James Blunt was born in an affluent area of the country. His father was a colonel in the army. He went to the best schools (Harrow) and his education was paid for with army bursaries. After education he went into the army and trained at Sandhurst, and was fast-tracked into high ranking positions. While in the army, he didn’t deal with the hand-to-hand combat and getting shot at kind of thing so much as captaining his army ski team. To be Blunt isn’t such a bad thing, as far as I can see, thanks to Colonel Daddy. During this privileged start he was able to listen to, learn, and compose music. He was also able to make contacts with powerful people and earn a lot of money. James Blunt is the definition of a “Chosen One”.

On the flipside, a person brought up in a terraced house, who starts with nothing, who goes to work in a factory at 16, who worries mainly about housing and feeding oneself, may not even think to pick up an instrument or a paint brush. Art is a luxury that people can turn to once the essentials are covered.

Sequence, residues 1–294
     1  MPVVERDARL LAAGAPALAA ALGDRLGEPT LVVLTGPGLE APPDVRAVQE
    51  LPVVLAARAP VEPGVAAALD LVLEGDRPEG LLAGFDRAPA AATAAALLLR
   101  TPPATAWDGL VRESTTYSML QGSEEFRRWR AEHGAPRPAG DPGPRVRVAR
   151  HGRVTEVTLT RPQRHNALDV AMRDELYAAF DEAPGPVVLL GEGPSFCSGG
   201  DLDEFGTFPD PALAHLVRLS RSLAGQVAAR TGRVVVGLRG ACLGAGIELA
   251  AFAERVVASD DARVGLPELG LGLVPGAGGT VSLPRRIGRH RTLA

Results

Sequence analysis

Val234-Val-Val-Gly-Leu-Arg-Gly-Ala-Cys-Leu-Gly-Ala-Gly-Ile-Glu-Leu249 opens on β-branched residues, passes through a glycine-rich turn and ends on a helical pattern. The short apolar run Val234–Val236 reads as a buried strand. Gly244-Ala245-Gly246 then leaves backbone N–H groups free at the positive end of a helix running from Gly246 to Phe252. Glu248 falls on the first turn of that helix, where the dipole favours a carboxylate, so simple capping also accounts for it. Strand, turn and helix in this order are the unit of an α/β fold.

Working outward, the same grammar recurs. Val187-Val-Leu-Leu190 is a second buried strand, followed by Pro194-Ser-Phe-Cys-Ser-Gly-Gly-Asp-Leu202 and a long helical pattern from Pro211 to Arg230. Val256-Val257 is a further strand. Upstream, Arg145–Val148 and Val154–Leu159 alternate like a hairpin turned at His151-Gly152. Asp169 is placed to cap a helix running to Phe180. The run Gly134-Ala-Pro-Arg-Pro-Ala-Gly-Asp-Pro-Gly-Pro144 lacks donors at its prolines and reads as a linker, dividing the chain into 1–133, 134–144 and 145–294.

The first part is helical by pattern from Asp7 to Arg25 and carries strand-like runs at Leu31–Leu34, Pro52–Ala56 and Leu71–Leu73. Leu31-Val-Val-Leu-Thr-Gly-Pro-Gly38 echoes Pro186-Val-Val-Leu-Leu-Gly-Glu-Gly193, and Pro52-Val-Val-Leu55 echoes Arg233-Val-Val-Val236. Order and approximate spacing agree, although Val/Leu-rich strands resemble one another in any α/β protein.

But James Blunt says that his privileged background was a disadvantage in the world of the arts. Believe it or not, I agree with him.

Working class people are the most diverse, interesting, gritty, thoughtful people on the planet. They are exposed to harsh lifestyles. They experience hardships and horrors daily. They work the hardest jobs for the crappest pay, and at the end of the week they go home to their families with a smile on their face. This is where real art originates.

Anything the James Blunts of the world can come up with will pale in comparison. James Blunt may be able to walk into opportunities because of his social class, and he may be rich beyond anyone’s wildest dreams. But he will never write a song with the heart, pain, and emotion that the likes of Bruce Springsteen has written. He will never compose a melody that will rival anything by the Beatles. His voice will never convey emotion like Morrissey. He will never mesmerise a crowd like Tom Waits. He will never put his soul into an instrument like BB King or Jimi Hendrix.

So yes, I believe Blunt’s true artistic ability is diminished by his privileged life. But make no mistake, to be Blunt isn’t a bad thing, and I’m not going to shed a tear for him.

Democracy Day

Today is Democracy Day on the BBC – an event that marks the 750th anniversary of parliament and the 800th anniversary of the sealing of the Magna Carta (which established that the King was no longer above the law of the land).

The sealing of the Magna Carta transferred some of the King’s powers over to the nobles, and democracy as we know it in the UK stemmed from there. However, it hasn’t evolved quite as much as it could have done. Maybe that’s because parliament is used as a tool for individuals to gain and maintain power as opposed to being a force for good and equal opportunities across the country.